Wooooooow! That is awesome!!!!!! I would love to find something like that!

davrx 11-28-2012 11:41 PM

Quote:

Originally Posted by Amandas tank (Post 2092561)
Wooooooow! That is awesome!!!!!! I would love to find something like that!

Thanks, here's the photos with the plumbing in the correct positions. The fountain in the center and overflow in the corner.

http://i1118.photobucket.com/albums/...um/file-12.jpg

http://i1118.photobucket.com/albums/...um/file-11.jpg

http://i1118.photobucket.com/albums/...um/file-10.jpg

http://i1118.photobucket.com/albums/...ium/file-9.jpg

http://i1118.photobucket.com/albums/...ium/file-8.jpg

Amandas tank 11-28-2012 11:47 PM

Man that is really neat! Would have been cool to have in on that show. I love that show! But talk about expensive! :icon_eek:

The lights on the bottom are very interesting. I love the fountain! This is going to be su-eet!

golfer_d 11-29-2012 12:33 AM

wow that is pretty cool....going to be a fun process getting that back into working order!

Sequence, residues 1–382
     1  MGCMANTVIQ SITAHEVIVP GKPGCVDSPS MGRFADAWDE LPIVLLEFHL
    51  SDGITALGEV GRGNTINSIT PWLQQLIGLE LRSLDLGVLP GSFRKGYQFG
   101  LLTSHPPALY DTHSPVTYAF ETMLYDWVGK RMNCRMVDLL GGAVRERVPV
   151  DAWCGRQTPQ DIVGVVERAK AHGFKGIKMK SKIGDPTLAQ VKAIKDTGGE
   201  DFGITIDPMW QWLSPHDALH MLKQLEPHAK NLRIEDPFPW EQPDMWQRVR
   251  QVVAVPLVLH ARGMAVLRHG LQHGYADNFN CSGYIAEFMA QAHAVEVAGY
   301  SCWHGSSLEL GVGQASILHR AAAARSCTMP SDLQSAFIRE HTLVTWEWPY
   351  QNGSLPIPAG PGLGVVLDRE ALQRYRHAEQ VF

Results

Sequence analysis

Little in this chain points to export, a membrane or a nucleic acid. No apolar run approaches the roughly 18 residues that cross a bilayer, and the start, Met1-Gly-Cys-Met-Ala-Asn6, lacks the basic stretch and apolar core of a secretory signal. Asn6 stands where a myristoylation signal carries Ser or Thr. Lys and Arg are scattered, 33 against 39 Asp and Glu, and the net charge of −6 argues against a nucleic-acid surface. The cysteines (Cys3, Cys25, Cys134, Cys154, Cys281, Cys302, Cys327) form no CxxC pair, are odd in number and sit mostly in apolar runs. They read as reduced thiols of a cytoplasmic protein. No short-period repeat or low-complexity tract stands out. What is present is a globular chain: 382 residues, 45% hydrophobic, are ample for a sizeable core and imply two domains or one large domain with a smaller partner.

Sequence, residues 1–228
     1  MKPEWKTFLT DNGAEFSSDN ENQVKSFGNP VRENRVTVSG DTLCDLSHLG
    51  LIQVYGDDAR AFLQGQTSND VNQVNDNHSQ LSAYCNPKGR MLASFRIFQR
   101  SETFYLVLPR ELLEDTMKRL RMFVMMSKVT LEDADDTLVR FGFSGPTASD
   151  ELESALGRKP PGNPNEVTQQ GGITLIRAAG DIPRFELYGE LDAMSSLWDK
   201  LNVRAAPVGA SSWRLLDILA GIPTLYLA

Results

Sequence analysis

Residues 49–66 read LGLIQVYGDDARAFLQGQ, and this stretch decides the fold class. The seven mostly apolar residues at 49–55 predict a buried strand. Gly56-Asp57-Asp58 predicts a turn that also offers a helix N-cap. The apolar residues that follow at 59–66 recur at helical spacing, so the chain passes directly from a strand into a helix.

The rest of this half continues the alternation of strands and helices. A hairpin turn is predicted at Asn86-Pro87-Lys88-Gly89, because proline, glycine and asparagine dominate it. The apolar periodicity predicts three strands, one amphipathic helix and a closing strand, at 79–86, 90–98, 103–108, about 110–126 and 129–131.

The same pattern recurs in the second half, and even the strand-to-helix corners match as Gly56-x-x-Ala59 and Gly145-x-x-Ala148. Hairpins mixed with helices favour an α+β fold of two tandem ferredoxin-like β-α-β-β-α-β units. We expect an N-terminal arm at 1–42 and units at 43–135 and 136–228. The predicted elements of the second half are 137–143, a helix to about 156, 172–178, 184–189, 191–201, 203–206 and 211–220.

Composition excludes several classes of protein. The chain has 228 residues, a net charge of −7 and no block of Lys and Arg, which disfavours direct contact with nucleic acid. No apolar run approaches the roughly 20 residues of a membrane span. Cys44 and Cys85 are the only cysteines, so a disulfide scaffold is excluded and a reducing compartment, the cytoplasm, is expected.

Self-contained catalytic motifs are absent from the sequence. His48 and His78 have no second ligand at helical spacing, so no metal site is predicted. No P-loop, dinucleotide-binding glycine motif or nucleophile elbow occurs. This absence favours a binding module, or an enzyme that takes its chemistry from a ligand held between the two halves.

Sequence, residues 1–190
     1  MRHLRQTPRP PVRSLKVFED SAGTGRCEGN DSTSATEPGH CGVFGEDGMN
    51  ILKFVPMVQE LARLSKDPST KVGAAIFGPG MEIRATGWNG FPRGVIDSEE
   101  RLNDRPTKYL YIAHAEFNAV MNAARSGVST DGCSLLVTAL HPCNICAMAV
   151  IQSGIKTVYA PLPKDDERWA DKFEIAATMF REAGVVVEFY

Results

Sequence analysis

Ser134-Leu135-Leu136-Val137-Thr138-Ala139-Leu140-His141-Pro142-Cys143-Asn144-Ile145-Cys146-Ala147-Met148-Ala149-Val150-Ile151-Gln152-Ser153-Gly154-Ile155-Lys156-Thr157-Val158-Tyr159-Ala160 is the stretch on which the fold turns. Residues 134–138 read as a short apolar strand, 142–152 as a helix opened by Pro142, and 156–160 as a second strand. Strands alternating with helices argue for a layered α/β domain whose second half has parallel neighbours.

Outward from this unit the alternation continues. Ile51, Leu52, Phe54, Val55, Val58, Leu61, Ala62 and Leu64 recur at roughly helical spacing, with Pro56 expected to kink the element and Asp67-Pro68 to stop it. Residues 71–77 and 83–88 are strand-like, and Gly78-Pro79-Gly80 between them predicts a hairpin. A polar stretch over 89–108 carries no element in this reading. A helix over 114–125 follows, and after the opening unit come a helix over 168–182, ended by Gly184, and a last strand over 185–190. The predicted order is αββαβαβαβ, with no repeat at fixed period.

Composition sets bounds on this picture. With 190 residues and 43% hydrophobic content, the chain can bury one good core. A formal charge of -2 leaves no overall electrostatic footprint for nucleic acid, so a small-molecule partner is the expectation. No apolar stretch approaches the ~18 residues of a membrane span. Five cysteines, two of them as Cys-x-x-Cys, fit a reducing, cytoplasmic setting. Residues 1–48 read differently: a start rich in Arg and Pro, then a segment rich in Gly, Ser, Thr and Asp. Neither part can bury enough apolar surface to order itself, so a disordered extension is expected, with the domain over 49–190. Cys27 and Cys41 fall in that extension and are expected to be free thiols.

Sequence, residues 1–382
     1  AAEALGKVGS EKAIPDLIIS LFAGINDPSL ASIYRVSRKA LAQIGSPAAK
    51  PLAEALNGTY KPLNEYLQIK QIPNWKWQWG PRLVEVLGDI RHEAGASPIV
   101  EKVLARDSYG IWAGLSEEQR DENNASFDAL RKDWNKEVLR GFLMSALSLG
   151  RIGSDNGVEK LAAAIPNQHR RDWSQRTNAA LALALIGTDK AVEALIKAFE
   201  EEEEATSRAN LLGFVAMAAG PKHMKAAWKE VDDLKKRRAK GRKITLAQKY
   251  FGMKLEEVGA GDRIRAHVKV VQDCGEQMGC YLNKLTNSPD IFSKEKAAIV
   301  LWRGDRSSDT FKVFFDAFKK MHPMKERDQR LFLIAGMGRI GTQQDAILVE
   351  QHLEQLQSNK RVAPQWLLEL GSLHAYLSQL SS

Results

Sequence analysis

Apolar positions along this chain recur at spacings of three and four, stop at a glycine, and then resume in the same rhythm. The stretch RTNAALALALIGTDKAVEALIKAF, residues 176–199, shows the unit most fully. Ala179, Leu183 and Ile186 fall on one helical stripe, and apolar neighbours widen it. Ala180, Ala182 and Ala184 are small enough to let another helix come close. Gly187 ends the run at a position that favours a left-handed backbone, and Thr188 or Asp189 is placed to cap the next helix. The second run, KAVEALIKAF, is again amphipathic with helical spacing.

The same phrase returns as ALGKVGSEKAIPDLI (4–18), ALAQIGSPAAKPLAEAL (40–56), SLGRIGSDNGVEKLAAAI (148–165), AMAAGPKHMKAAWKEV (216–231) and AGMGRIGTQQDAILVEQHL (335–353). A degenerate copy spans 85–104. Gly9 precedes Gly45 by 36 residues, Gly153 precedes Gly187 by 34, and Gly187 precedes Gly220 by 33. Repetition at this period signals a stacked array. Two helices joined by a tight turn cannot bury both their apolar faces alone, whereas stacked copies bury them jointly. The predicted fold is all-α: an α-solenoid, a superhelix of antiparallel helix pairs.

davrx 11-29-2012 01:21 AM

Quote:

Originally Posted by golfer_d (Post 2092631)
wow that is pretty cool....going to be a fun process getting that back into working order!

Well, other than adding a pump and possibly resealing the tank it could actually be used now. Only problem is that the tank is made from brass or bronze and the plumbing is nickel and copper all of which are toxic to fish, although I'm not sure about nickel. I can seal the inside metal surfaces of the tank with epoxy and the outside of the pipes. I can also seal the nickel tops. I thought about running vinyl hose inside the pipes but the fountain arms are such a small diameter I'm not sure I'll be able to do this. Even if I can I'm not sure how to seal them to the larger hose that would be in the riser of the fountain. I suppose I could coat the inside of these with epoxy as well but I'm afraid the small diameter of the arms would cause the epoxy to seal them off completely. Any suggestions would be welcome.